Freedom of Information
Plans to strengthen and improve Freedom of Information legislation (FOI) have been published today for consultation by the Scottish Government.
The proposed legislation, outlined today by Minister for Parliamentary Business Brian Adam, will put right two deficiencies in the current FOI laws that have been identified relating to part 5 (Historical Records) and Section 65 (Offence of altering etc. records with intent to prevent disclosure).
The draft Bill will also make amendments in respect of the handling requests for information relating to communications with Her Majesty and other members of the Royal Family to mirror changes to UK legislation.
Along with legislative changes, Mr Adam also emphasised the Scottish Government's commitment to work towards non legislative approaches to developing a culture of openness in public bodies in Scotland.
Mr Adam said:
"Freedom of Information has brought a welcome culture of openness and transparency to the work of Government and other public bodies since its introduction in Scotland in 2005.
"As a Government we are committed to Freedom of Information and strive to publish as much information as possible proactively. The vast majority of the FOI requests we receive lead to more information being made available. We can be proud of the fact that we have set an example for other countries in this respect.
"However we can continue to improve on our good record and the proposed Amendments Bill seeks to do just that.
"It will allow greater flexibility in reducing the lifespan of exemptions with a view to more information being made available earlier. It will also allow more time for the Information Commissioner to bring forward prosecutions for an offence under the Act.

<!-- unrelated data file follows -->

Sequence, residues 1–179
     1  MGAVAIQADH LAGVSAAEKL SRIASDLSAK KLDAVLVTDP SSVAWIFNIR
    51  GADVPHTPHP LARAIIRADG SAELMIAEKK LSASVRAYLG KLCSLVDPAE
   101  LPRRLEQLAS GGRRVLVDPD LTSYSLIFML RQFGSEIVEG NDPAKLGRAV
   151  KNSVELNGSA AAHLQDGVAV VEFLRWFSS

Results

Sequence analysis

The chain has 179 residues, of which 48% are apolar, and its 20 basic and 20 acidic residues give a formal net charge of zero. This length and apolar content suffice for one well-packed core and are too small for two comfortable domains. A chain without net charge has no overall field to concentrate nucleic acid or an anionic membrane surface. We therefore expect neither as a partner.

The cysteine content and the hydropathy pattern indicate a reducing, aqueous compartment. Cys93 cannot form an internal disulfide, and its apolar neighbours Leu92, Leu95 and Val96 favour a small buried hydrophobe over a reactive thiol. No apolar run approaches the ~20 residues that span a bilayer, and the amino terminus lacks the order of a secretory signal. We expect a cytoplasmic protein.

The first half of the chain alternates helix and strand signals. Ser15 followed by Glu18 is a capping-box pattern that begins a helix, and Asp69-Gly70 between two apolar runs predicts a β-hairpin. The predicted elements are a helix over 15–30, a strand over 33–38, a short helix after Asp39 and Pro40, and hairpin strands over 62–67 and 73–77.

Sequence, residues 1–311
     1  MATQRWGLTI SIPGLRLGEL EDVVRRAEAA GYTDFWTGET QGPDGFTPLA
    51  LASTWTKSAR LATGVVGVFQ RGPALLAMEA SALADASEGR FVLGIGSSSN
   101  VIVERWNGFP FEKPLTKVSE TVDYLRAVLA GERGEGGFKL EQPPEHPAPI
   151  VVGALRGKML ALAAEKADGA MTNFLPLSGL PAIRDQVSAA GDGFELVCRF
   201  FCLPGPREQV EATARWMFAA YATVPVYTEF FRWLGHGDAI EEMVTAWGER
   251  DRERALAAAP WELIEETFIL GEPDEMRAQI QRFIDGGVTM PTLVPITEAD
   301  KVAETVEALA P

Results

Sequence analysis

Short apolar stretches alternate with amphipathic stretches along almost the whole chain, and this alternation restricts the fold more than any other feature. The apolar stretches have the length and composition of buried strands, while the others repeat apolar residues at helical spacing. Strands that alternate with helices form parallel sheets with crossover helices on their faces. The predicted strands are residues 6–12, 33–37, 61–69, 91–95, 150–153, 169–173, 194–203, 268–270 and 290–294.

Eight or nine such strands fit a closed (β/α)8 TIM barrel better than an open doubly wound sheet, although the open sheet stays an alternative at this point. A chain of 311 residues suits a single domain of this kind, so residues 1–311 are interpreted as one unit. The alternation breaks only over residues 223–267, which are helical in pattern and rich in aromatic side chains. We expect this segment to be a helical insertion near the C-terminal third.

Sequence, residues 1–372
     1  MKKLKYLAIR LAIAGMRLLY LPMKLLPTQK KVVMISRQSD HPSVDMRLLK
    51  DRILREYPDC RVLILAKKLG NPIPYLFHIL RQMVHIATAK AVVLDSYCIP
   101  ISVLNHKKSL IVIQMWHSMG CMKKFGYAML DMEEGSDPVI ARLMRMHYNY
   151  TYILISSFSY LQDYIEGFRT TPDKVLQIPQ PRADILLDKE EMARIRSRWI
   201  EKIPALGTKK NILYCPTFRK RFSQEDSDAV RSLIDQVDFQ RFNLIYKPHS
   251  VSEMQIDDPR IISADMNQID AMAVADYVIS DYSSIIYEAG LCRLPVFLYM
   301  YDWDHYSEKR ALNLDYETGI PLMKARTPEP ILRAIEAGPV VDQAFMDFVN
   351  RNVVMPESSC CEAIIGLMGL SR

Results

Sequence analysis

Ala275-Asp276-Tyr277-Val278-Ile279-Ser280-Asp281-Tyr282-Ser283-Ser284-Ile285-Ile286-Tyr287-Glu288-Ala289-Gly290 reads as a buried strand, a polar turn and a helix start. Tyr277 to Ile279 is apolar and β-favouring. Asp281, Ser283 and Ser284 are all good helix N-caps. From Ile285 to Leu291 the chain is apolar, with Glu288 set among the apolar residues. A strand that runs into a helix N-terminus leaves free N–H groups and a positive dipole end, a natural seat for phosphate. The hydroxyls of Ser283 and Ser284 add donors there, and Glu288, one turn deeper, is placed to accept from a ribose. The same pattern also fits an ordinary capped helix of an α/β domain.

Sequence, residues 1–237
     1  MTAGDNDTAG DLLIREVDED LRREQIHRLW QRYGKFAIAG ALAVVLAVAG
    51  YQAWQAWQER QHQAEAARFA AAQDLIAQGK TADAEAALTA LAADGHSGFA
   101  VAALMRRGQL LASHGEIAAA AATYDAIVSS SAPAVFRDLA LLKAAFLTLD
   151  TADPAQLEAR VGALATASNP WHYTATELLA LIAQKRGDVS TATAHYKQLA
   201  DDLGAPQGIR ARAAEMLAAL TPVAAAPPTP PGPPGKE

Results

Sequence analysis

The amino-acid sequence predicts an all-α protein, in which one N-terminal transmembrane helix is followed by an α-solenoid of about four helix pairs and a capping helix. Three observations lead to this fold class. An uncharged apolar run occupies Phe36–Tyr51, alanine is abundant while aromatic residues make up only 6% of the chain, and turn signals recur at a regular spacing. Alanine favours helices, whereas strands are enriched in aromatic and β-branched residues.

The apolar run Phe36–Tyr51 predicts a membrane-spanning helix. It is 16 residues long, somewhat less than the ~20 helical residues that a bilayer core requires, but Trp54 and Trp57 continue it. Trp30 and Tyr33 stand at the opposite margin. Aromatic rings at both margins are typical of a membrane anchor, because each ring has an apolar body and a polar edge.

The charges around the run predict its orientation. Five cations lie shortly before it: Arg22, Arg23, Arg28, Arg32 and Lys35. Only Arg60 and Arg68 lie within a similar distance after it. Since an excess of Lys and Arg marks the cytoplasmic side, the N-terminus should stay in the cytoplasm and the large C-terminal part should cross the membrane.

"As the Act approaches its tenth anniversary we must do more to promote the benefits of a proactive approach to openness. Moreover, at a time of rapid technological advance, instant communication and global business it is imperative that governments use every means available to engage and inform their people. Openness and transparency are a key element in successfully achieving the objectives of the government and the wider public sector."
"I am pleased to announce that DirectScot, which will provide a single convenient access point online potentially linking together all public services across Scotland through a single portal, will launch early in 2012. DirectScot is intended to be a one-stop-shop for public services and information, bringing together central government and local government and many other public bodies."
Part 5 (Historical Records) relates to the 30 year lifespan of a 'historical record'; sets out the exemptions which apply for 30 years and identifies the lifespan of certain other exemptions; and gives Scottish Ministers order making powers to amend these timescales. At present the Act does not allow separate consideration of individual exemptions. The draft Bill therefore seeks to provide increased flexibility.
Section 65 (Offence of altering etc. records with intent to prevent disclosure). The destruction of information after it has been requested is a criminal offence. The standard timescale for commencing proceedings of a summary conviction is six months as set in section 136 of the Criminal Procedure (Scotland) Act 1995.
Due to the process that FOISA follows, it is potentially 10 months from commission before any offence could be discovered by the Commissioner at appeal stage. However a prosecution must be brought within six months under the Criminal Procedures (Scotland) Act 1995. The amendment proposes to strengthen the Act by increasing the time frame in which a prosecution can be brought to 12 months.